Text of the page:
Trying to Kill Right to Work in MI, Breathes New Life

[media-credit name=”| The National Right to Work Committee®” align=”alignright” width=”300″][/media-credit]Big Labor’s coffers of forced union dues money was unable to permanently kill Right to Work in Michigan.  Frank Beckman outlines who the union bosses picked a fight and lost despite spending $50 million.  Their brazen efforts have set the stage for moving forward with Right to Work legislation in the state:

Michigan voters issued a stinging rejection of state labor unions during Tuesday’s elections, refusing to approve a single one of the ballot initiatives to which the big unions committed about $50 million dollars in support.

The votes weren’t even close, especially on labor’s biggest target, Proposal 2, a constitutional amendment that would have given public sector labor unions unprecedented power and prohibited the future adoption of Right-to-Work legislation in Michigan.

Reviews of labor strategy, crafted by Bob King’s United Auto Workers union, will analyze whether the investment of about $50 million to push the proposals could have been used to focus on candidates instead.

The non-combative Snyder was betrayed by King and his union pals. Snyder had warned an aggressive state House that he would not sign any Right-to-Work legislation that made its way to him for approval.

“I don’t want to see that on my desk,” Snyder warned numerous times when I quizzed him about Right-to-Work on my radio show.

The governor and labor enjoyed a silent truce, and the UAW-led union movement knew they had a Michigan firewall against the despised Right-to-Work laws that are in effect in 23 other states.

All that appears to have changed since King took the gamble on Proposal 2, a duplicitous act, which has now alienated Snyder and enraged a state business community that felt the amendment so threatened Michigan’s economic future that they amassed their own $25 million advertising campaign to defeat the initiative.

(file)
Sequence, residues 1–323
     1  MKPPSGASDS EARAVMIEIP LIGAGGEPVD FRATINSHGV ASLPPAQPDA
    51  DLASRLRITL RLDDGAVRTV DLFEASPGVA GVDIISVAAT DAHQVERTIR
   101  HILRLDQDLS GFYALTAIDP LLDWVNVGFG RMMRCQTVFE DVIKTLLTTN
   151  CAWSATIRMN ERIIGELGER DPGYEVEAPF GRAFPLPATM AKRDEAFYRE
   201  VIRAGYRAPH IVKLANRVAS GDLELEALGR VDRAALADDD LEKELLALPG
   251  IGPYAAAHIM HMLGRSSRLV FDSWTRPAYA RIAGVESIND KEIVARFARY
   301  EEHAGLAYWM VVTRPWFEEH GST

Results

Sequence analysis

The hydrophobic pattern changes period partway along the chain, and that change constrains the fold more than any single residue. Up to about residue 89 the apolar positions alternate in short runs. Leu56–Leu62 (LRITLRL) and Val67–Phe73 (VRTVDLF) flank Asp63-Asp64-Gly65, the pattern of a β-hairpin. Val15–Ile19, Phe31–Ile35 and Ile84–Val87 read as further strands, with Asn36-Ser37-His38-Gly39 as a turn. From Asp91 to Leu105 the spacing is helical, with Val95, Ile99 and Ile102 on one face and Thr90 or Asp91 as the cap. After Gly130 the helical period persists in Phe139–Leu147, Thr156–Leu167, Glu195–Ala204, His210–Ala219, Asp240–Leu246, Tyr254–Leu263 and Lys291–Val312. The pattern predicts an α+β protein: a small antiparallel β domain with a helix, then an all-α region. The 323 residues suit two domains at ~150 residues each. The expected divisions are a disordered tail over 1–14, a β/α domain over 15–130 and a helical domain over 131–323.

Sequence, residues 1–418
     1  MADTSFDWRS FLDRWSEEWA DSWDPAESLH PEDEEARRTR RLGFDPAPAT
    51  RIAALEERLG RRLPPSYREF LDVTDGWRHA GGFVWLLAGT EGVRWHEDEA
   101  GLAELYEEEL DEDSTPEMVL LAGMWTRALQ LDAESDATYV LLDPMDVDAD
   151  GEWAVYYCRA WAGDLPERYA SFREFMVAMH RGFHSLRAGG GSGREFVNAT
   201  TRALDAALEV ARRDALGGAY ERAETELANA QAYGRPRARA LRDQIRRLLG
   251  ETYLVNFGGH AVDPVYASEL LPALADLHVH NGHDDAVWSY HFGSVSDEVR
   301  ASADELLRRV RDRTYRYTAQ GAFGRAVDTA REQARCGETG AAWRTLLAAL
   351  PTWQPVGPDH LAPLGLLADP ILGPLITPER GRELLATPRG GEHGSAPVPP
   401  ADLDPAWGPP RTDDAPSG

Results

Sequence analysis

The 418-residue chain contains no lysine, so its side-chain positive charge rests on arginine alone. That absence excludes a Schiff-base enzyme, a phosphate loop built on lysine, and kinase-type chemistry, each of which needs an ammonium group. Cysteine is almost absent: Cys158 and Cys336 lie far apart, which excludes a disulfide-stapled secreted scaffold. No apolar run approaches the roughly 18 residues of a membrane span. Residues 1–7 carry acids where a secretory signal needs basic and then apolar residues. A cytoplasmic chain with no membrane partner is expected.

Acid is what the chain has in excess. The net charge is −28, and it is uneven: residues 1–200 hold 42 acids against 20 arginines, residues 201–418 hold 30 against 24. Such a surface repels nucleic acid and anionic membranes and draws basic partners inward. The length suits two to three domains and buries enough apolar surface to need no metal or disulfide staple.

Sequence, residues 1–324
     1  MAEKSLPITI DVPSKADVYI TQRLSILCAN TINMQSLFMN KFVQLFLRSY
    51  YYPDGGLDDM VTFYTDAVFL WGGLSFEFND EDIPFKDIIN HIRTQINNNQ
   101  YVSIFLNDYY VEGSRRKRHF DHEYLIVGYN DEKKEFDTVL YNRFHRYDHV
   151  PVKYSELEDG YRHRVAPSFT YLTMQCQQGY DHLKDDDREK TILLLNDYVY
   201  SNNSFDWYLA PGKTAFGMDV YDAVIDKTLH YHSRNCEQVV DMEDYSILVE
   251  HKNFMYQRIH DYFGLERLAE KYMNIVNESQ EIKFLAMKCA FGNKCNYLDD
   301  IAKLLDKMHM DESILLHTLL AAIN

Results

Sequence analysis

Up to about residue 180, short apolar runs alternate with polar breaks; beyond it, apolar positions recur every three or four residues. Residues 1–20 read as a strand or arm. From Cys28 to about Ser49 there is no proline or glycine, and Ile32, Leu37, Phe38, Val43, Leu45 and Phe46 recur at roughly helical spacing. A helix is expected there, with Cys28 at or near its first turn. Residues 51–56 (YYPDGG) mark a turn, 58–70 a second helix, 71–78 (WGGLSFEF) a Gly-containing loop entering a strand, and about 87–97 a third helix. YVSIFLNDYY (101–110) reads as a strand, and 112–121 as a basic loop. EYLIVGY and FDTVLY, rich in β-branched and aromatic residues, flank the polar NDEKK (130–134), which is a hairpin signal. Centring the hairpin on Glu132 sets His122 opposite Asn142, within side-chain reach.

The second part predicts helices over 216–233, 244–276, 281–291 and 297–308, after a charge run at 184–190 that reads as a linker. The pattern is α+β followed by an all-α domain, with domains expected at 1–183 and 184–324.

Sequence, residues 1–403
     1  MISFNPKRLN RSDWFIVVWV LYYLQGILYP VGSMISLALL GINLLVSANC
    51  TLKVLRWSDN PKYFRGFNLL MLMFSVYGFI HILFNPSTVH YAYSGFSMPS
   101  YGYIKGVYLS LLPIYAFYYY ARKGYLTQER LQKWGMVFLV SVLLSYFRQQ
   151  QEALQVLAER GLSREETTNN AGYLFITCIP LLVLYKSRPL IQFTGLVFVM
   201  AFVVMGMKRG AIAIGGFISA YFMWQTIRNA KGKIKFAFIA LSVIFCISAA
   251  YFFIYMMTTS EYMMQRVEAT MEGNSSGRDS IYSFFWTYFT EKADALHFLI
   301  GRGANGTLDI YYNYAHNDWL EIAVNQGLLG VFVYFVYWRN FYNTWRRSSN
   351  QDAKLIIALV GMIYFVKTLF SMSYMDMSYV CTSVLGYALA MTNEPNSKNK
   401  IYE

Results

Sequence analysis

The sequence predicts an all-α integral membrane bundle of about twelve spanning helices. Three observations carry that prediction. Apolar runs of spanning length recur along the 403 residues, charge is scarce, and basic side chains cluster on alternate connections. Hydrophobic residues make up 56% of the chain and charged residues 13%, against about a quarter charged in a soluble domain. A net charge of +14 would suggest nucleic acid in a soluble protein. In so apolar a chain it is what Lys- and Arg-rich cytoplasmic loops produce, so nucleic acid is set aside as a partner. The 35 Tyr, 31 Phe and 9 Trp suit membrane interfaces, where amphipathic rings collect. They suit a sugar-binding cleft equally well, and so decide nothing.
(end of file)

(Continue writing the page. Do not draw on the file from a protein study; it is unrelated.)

Those same business leaders are now ready to throw their weight behind the RTW legislation that has been stalled in the Legislature thanks to Snyder’s protection.

Snyder no longer sounds stern in telling the Legislature not to send RTW legislation to his desk. Rather than an outright warning for the Legislature to back off, Snyder now says, “My goal is not to have it arrive on my desk. I’m not taking a position on it.”

State Republican Party chairman Bobby Schostak went even further. “I think he feels let down, perhaps betrayed,” he said about Snyder.

Schostak says he believes the RTW issue will arise within weeks, a projection that doesn’t seem out of the question since one source told me King has already sought to meet next week with several state business leaders in the wake Proposal 2’s defeat.

State Chamber of Commerce President and CEO Rich Studley told me, “Actions have consequences. We … think it’s important to refocus on how we move forward with more and better jobs.”

While Studley said it’s up to the Legislature to decide whether to pursue Right-to-Work, he points out that labor tried to ban it before it was ever officially introduced, and he interprets Prop 2’s defeat as a statement that voters want the Legislature to have the right to discuss the need for such laws.

House Speaker Jase Bolger has called for a conversation over Right-to-Work since he first took on his job and believes that will now move forward.

They’re not the ones who started this fight but no one should be surprised that they’re the ones who will try to finish it.